Bronny James isn’t his father LeBron James yet. But the 16-year-old is a member of his high school basketball team and getting increased minutes as each game goes by. Bronny is improving rapidly, thanks to many advantages. But all kinds of children of privilege get a leg up. In basketball, you’re only as good as your game.
There’s good proof that Bronny is taking everything seriously. Just analyze the way he looks today, at 16 years old, compared to his dad when he was that age. This kid isn’t coasting on his name; he’s putting in the work.
Bronny James and LeBron James at 16
It doesn’t take much to prove that Bronny is built differently from his father — at least when they were the same age. Young LeBron was tall, clearly huge, and looking every bit the incredible young NBA prospect he already was at that point. But he was lanky back then, too. Before he built himself into the mountain of muscle he is today, his frame looked more like Kevin Durant’s.
Bronny lacks that natural lankiness. What’s more, he clearly put in work, building up muscle that could only come from an intense diet and workout program. He doesn’t have the same height (yet), but he’s making up for that with a different type of body. He looks more like a point guard, although his evolving game and rapidly changing body type could alter that in the end.
Why Bronny is built differently from his father
LeBron was a blockbuster star who made his mark based entirely on his play in high school. He was unknown before that, left to his own devices to keep his diet and exercise in check. No wonder he looked every bit the 16-year-old Akron, Ohio kid that he was, despite his size.
Bronny’s experience is as different as could be, as is his understated basketball career so far, as ESPN reports. Instead of LeBron’s star-making dominance of his often hapless young opponents early on, Bronny’s path has actually been tougher. He has to make his name in the midst of one of the strongest high school squads in the country.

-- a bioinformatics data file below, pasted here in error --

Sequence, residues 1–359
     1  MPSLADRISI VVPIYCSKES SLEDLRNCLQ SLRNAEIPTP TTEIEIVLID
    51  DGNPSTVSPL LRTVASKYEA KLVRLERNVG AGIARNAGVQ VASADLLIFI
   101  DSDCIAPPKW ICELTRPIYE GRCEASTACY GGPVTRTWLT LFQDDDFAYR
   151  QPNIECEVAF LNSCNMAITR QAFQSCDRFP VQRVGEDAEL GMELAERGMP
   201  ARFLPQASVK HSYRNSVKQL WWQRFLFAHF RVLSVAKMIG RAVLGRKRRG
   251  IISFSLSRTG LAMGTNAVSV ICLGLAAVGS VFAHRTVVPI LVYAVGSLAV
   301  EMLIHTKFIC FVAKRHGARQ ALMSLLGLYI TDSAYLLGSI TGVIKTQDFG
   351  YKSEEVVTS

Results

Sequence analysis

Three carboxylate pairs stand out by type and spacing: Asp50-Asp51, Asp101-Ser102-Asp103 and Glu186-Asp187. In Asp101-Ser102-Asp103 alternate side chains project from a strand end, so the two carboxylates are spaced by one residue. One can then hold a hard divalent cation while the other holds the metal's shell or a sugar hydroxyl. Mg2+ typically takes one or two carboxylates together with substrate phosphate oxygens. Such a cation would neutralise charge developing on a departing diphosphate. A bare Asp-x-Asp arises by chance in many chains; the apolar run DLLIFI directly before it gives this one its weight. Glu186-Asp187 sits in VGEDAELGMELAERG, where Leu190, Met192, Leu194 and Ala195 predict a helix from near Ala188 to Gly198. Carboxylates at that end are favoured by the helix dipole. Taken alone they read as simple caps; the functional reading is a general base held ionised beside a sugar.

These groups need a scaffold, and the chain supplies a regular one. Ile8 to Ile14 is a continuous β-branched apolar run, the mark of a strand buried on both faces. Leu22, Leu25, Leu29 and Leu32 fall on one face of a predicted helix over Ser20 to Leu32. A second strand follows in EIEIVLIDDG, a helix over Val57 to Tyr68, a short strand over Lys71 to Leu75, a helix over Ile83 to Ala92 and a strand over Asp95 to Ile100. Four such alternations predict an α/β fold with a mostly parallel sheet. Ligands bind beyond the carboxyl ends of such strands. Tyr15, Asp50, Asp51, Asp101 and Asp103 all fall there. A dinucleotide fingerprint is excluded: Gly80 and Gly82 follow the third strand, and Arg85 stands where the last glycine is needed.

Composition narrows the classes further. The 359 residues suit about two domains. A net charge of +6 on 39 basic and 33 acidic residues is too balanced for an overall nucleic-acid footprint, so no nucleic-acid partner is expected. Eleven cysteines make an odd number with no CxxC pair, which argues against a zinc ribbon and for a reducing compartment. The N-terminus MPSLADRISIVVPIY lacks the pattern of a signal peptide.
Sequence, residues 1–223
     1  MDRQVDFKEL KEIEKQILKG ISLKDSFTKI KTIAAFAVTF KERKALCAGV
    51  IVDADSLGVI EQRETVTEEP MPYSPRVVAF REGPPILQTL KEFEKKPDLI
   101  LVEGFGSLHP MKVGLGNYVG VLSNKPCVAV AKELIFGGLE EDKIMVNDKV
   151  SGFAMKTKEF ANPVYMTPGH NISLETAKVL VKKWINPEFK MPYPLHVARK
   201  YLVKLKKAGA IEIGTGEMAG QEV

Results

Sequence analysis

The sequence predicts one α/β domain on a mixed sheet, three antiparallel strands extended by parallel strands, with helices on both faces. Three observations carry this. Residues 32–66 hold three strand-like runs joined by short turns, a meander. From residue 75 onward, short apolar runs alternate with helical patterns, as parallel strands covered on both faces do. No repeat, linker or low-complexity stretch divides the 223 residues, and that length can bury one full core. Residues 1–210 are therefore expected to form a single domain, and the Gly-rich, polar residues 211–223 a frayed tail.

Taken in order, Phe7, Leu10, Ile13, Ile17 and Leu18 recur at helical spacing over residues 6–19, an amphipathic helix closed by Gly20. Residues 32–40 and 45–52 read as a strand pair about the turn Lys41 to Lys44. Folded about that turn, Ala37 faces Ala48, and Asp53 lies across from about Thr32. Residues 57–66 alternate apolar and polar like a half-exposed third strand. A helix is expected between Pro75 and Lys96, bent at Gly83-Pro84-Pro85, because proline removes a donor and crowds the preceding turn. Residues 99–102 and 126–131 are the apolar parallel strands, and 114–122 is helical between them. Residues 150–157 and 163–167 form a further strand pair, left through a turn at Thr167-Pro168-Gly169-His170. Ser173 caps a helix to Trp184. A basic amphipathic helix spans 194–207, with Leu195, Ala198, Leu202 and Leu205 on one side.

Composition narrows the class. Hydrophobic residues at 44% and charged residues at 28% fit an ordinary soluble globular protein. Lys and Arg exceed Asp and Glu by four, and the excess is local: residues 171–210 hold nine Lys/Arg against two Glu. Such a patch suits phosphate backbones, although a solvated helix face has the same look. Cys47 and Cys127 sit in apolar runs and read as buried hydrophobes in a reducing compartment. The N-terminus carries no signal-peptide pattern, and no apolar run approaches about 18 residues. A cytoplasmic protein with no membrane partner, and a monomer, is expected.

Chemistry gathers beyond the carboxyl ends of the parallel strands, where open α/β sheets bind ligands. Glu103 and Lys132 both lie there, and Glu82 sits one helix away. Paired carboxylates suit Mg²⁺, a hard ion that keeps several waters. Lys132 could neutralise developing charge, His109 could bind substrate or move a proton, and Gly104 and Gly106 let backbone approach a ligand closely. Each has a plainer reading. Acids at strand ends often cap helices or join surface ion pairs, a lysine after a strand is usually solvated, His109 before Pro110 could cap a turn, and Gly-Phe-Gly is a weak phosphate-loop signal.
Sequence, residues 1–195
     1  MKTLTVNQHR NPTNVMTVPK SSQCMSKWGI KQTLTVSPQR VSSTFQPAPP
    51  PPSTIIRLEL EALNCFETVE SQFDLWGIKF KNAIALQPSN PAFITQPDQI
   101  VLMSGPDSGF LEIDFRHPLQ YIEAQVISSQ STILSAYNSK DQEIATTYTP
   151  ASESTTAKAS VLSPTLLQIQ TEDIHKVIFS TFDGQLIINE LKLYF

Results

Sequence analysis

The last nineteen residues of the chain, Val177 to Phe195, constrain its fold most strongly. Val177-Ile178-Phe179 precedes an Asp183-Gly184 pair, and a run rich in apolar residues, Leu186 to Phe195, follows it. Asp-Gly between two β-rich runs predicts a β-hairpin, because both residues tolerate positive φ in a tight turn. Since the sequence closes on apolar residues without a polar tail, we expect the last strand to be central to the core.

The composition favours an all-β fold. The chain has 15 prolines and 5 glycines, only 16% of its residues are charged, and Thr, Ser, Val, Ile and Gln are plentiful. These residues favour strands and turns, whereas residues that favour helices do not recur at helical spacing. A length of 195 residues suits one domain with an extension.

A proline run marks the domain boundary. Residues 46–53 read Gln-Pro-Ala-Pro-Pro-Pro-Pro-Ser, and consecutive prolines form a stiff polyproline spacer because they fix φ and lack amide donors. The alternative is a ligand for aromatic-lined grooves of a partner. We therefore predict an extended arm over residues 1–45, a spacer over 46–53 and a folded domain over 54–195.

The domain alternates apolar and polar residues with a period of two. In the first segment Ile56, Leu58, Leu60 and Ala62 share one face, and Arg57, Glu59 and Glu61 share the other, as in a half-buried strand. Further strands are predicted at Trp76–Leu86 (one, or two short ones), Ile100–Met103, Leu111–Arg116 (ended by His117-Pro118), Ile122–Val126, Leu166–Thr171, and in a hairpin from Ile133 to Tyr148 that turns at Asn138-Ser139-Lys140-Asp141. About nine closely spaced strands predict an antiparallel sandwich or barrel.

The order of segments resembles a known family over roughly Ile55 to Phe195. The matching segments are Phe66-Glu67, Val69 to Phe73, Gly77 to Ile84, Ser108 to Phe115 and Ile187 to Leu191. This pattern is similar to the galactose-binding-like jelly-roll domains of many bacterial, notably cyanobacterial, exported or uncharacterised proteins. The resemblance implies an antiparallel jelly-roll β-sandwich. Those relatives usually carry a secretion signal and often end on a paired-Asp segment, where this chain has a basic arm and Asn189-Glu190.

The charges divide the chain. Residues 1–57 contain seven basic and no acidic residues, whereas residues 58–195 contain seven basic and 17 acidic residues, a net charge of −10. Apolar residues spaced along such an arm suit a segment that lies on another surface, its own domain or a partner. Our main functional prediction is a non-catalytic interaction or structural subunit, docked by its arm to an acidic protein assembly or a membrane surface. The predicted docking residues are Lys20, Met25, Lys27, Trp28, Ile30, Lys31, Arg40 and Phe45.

Instead of getting his moments to shine, he has to earn his minutes as a freshman alongside the best Junior and Senior class athletes Sierra Canyon High School has to offer. And, as USA Today reports, there’s the matter of Bronny’s size. It’s inherently difficult to make your way as a smaller PG. LeBron had an easier time using his natural size and speed to muscle his way into a multi-use power forward style early on.
Will Bronny live up to LeBron’s legacy?
Regardless of the difficulties of getting shine at Sierra Canyon, Bronny is making an impact. He’s made pivotal plays and increased his playing time. After a short, minor controversy over being filmed smoking marijuana, he stepped away from the spotlight to focus on his game. His jump shot is already ahead of LeBron’s curve at the same age, as is his overall mental game.
Those good signs don’t point to Bronny literally being the next LeBron. Barring a late growth spurt, he’ll probably remain at PG. According to The Undefeated, if the two play in the NBA at the same time, it won’t be exactly like a Ken Griffey/Ken Griffey Jr. type of situation. Bronny simply doesn’t have the mysterious natural gifts that propelled his father to a star-studded, national-level event when he debuted in the NBA.
Griffey Jr. was one of the defining talents of his generation, a contrast to his journeyman father. Most scouts just don’t see Bronny pulling that off. But if Bronny’s best shot at making a permanent mark on the NBA is being the next Allen Iverson instead of the next LeBron James, could anyone possibly spin that as a bad thing?